Anatomy of a Scandal by Sarah Vaughan
Publisher: Simon & Schuster
Publishing Date: 11th January 2018
Source: Received from publisher in return for an honest review, thank you!
Number of pages: 400
Genre: General Fiction (Adult), Suspense
You want to believe your husband. She wants to destroy him.
Gripping psychological drama for fans of Apple Tree Yard, The Good Wife and Notes on a Scandal.
Anatomy of a Scandal centres on a high-profile marriage that begins to unravel when the husband is accused of a terrible crime. Sophie is sure her husband, James, is innocent and desperately hopes to protect her precious family from the lies which might ruin them. Kate is the barrister who will prosecute the case – she is equally certain that James is guilty and determined he will pay for his crimes.
A high-profile marriage thrust into the spotlight. A wife, determined to keep her family safe, must face a prosecutor who believes justice has been a long time coming. A scandal that will rock Westminster. And the women caught at the heart of it.
“Anatomy of a Scandal” by Sarah Vaughan is probably one of the most anticipated books this year and guys, there is a reason why. I personally have never read such a book before – such authentic, genuine and realistic, and so unique. It was incredibly addictive and – probably because of the fact that it’s about things that is really hard to read about – written with subtlety and without judging. There is a great depth to it, it’s written with an insight and it seems so meticulously researched, and as a result we get a hooking and gripping novel about who’s telling the truth.
It is a story with a slow pace, yet I found myself galloping through the pages and holding my breath. I absolutely, totally loved how the author, so skilfully and perfectly well knowing when she should do this, added new twist, turn and information that only messed with our minds or allowed us this brilliant moments when you feel like a fog would be disappearing and you’d think ow, yes! It was amazing, guys, how Sarah Vaughan messed with me and my mind.
The characters are full of flaws. They lie and keep secrets. James Whitehouse is wealthy and everything works for him in his life. He has a picture perfect family and a political career. He studied at Oxford and was a part of the rowing team. He was a member of a group called the Libertines – people, especially men, behaving without morals, without principles, without responsibility, getting what they want, no matter what it is, especially in sexual matters. Without consequences. And so he wanders through his life, now shared with Sophie and two children. And well, with some other woman that he can get in bed as well. Sophie, a wonderful wife for such a man like James. I wasn’t sure if she really doesn’t see thing or she doesn’t want to see them. Kate Woodcroft, the barrister, and as the story weaves back and forth in time we get to know her background and learn about her past and the baggage that she’s carrying. Thanks to their faults, and all those emotions and details they are all brought to life and feel like real people.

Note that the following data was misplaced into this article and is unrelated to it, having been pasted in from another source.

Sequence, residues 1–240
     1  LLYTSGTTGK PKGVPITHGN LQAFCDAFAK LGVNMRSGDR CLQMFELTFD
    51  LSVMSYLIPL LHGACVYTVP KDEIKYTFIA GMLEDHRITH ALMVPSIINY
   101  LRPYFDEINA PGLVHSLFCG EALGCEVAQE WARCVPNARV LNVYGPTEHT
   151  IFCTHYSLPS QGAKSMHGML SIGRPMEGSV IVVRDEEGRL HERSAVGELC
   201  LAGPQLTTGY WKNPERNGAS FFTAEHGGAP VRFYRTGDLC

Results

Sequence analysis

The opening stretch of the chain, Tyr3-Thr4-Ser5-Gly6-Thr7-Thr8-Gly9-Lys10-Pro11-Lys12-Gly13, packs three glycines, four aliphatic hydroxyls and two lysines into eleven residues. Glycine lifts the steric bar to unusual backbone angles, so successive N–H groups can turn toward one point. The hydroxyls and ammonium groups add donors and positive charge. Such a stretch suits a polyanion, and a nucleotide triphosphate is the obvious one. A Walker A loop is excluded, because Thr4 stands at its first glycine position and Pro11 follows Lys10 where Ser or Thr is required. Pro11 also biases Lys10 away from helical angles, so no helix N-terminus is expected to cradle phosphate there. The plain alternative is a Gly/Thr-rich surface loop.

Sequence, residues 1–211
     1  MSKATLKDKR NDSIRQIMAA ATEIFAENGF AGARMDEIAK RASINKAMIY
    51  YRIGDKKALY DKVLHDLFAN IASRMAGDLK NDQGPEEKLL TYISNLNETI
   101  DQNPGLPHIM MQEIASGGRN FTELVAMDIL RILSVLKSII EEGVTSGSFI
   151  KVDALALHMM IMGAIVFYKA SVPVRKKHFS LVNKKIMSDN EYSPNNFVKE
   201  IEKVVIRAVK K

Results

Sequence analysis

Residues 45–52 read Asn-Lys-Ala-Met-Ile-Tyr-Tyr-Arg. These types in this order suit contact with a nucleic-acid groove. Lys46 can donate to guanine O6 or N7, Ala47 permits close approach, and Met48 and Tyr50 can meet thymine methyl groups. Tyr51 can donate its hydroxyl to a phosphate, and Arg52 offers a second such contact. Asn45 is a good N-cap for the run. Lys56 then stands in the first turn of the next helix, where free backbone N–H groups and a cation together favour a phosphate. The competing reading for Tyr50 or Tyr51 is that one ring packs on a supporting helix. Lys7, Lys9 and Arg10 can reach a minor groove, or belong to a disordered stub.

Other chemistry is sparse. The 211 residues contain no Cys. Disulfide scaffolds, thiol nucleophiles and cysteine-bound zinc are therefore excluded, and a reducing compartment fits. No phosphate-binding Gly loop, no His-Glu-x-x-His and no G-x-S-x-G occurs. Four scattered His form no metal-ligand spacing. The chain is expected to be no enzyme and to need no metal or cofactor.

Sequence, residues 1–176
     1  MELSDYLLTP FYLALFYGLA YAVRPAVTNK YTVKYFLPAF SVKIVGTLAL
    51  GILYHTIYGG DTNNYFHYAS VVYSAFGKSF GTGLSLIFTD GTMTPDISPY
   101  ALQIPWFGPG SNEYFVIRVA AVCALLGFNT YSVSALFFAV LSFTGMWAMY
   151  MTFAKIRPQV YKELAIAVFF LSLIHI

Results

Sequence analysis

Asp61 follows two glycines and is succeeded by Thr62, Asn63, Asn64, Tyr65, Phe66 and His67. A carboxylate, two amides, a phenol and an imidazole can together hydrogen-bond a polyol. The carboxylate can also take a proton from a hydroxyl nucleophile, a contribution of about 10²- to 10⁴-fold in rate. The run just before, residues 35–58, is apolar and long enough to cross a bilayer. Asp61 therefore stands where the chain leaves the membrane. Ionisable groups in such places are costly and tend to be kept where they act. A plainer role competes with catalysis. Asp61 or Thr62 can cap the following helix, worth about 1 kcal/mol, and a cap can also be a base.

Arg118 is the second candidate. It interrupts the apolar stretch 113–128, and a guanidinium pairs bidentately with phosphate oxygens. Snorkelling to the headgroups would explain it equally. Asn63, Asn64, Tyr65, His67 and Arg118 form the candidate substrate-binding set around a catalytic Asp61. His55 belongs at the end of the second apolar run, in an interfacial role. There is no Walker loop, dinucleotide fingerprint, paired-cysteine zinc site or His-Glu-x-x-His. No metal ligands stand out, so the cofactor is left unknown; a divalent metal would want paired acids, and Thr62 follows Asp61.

I couldn’t believe how clichéd James’ character was: tall, good – looking, charismatic, having everyone eating from his hands, a Junior Minister in the House of commons to add to this, and how clichéd his actions were! Sounds somehow familiar, right? Unbelievable, I was all the time hoping that he’s going to turn out a decent man – but I’m not going to tell you if it happened or not, oh no!
She has also brilliantly brought to life Kate Woodcroft, the barrister who is assigned to the case of James Whitehouse, involving violence of a sexual nature. The descriptions of Kate’s feelings and how hard it was for her were like unsheathing her soul, so true and realistic they were.
There were moments that I was thinking that bringing a perspective of Olivia Lytton, the parliamentary researcher who worked in James’ office and who accused him, would help, that having Olivia’s personal point of view would bring the clarity to the case, but guys, no. It isn’t necessary, and really, there came a moment that I started to understand everything very, very clearly.
But the story not only weaves through time, it also brings perspectives of different characters, which leads to so many new revelations! Everything becomes more clear when we see how those different narrators involved play by different rules and to different gates – just like in real life, when you can save yourself there are no morals. Sarah Vaughan gets into all her characters’ heads, exploring their feelings and emotions, guilt and arrogance.
What deserves a standing ovation is the fact how well Sarah Vaughan played her cards and wrote a story without a judgement. I personally was out for blood – and believe me, dear readers, I am a very peaceful person – and yet the author, and don’t take me wrong here because it’s brilliant that she’s done it this way, has totally with cold blood written a story about one of the worst crimes that could happen to any woman without one word of judgement, leaving this in our own hands.
This is brilliantly complex story letting us to decide who is presenting a true face, who is honest and who’s not and what has really happened. The dialogues during the trial were like watching a particularly thrilling tennis match, with our heads turning left and right, when we couldn’t wait for the other side to add something, to mention the unmentionable – this is the best part of the book, I think. It was incredibly clever courtroom drama, full of intrigue and past secrets, full of surprising reveals and suspenseful. And also, so incredibly timely… Highly, highly recommend!